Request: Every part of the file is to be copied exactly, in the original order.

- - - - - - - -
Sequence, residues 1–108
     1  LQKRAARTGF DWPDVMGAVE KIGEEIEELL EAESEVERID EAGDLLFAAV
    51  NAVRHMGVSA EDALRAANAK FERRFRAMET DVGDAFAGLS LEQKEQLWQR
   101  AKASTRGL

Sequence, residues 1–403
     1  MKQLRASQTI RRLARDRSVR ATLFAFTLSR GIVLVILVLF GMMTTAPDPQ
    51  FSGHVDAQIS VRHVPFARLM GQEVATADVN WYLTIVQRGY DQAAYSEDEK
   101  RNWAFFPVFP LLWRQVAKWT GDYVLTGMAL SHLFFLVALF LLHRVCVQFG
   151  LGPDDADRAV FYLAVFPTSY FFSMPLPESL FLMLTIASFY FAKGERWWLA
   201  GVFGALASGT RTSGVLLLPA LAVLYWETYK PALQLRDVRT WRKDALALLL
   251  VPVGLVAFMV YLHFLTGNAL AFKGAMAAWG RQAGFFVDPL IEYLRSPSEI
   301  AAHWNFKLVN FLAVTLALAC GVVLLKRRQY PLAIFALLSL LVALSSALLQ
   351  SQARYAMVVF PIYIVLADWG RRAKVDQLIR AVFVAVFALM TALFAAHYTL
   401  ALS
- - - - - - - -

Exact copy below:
Sequence, residues 1–108
     1  LQKRAARTGF DWPDVMGAVE KIGEEIEELL EAESEVERID EAGDLLFAAV
    51  NAVRHMGVSA EDALRAANAK FERRFRAMET DVGDAFAGLS LEQKEQLWQR
   101  AKASTRGL

Sequence, residues 1–403
     1  MKQLRASQTI RRLARDRSVR ATLFAFTLSR GIVLVILVLF GMMTTAPDPQ
    51  FSGHVDAQIS VRHVPFARLM GQEVATADVN WYLTIVQRGY DQAAYSEDEK
   101  RNWAFFPVFP LLWRQVAKWT GDYVLTGMAL SHLFFLVALF LLHRVCVQFG
   151  LGPDDADRAV FYLAVFPTSY FFSMPLPESL FLMLTIASFY FAKGERWWLA
   201  GVFGALASGT RTSGVLLLPA LAVLYWETYK PALQLRDVRT WRKDALALLL
   251  VPVGLVAFMV YLHFLTGNAL AFKGAMAAWG RQAGFFVDPL IEYLRSPSEI
   301  AAHWNFKLVN FLAVTLALAC GVVLLKRRQY PLAIFALLSL LVALSSALLQ
   351  SQARYAMVVF PIYIVLADWG RRAKVDQLIR AVFVAVFALM TALFAAHYTL
   401  ALS